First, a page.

Paul Erbes: Class of 1975
When Paul Erbes looks back on the impact his high school days in Tracy in the late 1960s had on him, it’s a core value he learned that carried him through a difficult time in America and in his own personal life: compassion.
Erbes lost his brother, John, in the Vietnam War and Erbes remembers his family being surrounded by love, caring, support and gratitude.
“I remember walking into the sixth-grade classroom – in the ‘huts’ that stood next to our elementary school which had been destroyed by the Tracy tornado a few months earlier – there I was embraced by the power of compassion from my classmates, my teachers and the school administrators,” Erbes shared in the speech he will give upon his induction into the Tracy Area High School Wall of Fame on Thursday. “All the conflict and controversy were set aside for the sake of compassion; caring for me and my family. Since then I felt driven to show compassion to others. My whole life career was shaped by that experience in Tracy Schools.”
Erbes graduated from Tracy High School in 1975 and graduated with a Bachelor of Arts in Political Science, Ancient Studies, and Religion in 1979 from St. Olaf College. He then earned his Masters of Divinity from Luther Seminary in 1983 and continued his doctoral study at the University of Minnesota and added advanced leadership certifications at the University of Indiana.
Erbes has served as a pastor of Evangelical Lutheran Church in America for 22 years in Kansas, Colorado, Wyoming and Missouri. He has also worked as a Regional Manager at Thrivent Financial for eight years providing educational and financial resources for congregations. He has also served as Executive Director at Generous Faith LLC, for six years, Gift Officer, at Lutheran Immigration and Refugee Service for four years, and Vice President, at Wartburg Theological Seminary for the past three years to the present time.
Erbes has been a volunteer for Habitat for Humanity for 30 years and has been involved in 22 international projects to 12 different countries including El Salvador, Vietnam, Thailand, Fiji, Macedonia, Romania, Madagascar, Dominican Republic, Philippines, Portugal, Brazil, and Paraguay.
Erbes says the other values he learned form his time in Tracy were listening and diversity. He credits former teachers Kirk Landman and Shorty Engel for instilling these values in him — Landman for his teachings on the debate team, and Engel for helping him learn a new language and experiencing a new culture.
“When I went to school here, we were very white,” said Erbes. “There was little diversity. I thank God that my many nephews and nieces and great nephews and nieces who are part of this school system now – believe me, there are a whole lot of Erbes around here, I thank God that they can celebrate God’s diversity as a daily experience.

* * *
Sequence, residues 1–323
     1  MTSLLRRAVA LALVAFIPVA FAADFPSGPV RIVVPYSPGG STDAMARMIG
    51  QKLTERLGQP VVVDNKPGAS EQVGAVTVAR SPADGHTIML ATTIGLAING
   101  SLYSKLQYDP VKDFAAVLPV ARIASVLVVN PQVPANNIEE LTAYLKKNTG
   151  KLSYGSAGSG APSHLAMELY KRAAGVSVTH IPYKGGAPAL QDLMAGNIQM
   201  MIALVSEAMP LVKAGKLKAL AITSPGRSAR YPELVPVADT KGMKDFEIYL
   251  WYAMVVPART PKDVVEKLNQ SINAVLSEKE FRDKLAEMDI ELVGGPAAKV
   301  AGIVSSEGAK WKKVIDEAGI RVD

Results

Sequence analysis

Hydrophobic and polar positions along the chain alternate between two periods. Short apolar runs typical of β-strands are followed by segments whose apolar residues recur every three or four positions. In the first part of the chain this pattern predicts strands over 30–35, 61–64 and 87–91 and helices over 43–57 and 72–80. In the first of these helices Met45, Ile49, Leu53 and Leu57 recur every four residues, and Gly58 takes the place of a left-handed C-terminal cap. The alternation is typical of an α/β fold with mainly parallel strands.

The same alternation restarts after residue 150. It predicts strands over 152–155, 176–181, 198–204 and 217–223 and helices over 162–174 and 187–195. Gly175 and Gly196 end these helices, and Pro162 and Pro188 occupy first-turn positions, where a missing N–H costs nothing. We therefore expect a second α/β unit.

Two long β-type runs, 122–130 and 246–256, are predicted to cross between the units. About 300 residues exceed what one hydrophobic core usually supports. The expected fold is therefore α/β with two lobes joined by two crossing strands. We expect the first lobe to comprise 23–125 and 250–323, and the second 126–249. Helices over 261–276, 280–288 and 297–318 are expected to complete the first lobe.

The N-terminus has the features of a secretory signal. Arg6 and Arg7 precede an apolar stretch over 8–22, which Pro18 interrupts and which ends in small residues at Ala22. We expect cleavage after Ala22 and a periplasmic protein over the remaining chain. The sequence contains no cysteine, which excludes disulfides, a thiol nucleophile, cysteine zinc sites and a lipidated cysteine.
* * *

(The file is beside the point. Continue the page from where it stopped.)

In his free time, Erbes has run 11 marathons and 38 half marathons since turning 50. He has been a foster parent for 26 youth leaving detention centers and has served on numerous community and nonprofit boards such as; Seafarers International House, New York City; Nebraska Lutheran Planned Giving Association; and Habitat for Humanity of Iowa.
Erbes was appointed to the Governor’s Alcohol and Drug Abuse Prevention commission in Kansas, received the “Good Neighbor Award” in Colorado for building community alliances, and was appointed to the Governor’s Task Force for Community Asset Building in Wyoming. Erbes has chaired the Community Corrections Commission in Wyoming for six years, and served as Dean of Wyoming Lutheran Churches for six years.
Erbes said he is humbled by being recognized by the school district with his Wall of Fame induction and he believes that the school makes a powerful statement when it recognizes its former students in such a way.
“It clearly identifies the truth that others have proclaimed that ‘it takes a village to raise a child,’ he said. “In addition to the teachers in the classroom, my life was formed by the many Tracy community people who invested their time and love in me. My family, Willow Lake Church, my co-workers at Hemmingsen’s Auto Sales, and many more too numerous to name — they all helped mold me and shape my values.
“My close friend and fellow ‘75er Brian Johnson and I came up with a motto for our class that was never adopted, but I’ve thought about it often: ‘Live each day to learn, learn each day to live,’” he added. “I’ve thought of this often and tried to live by its truth. I invite others to do so as well.”
Biographical information for this story was provided by the family and Tracy Area High School.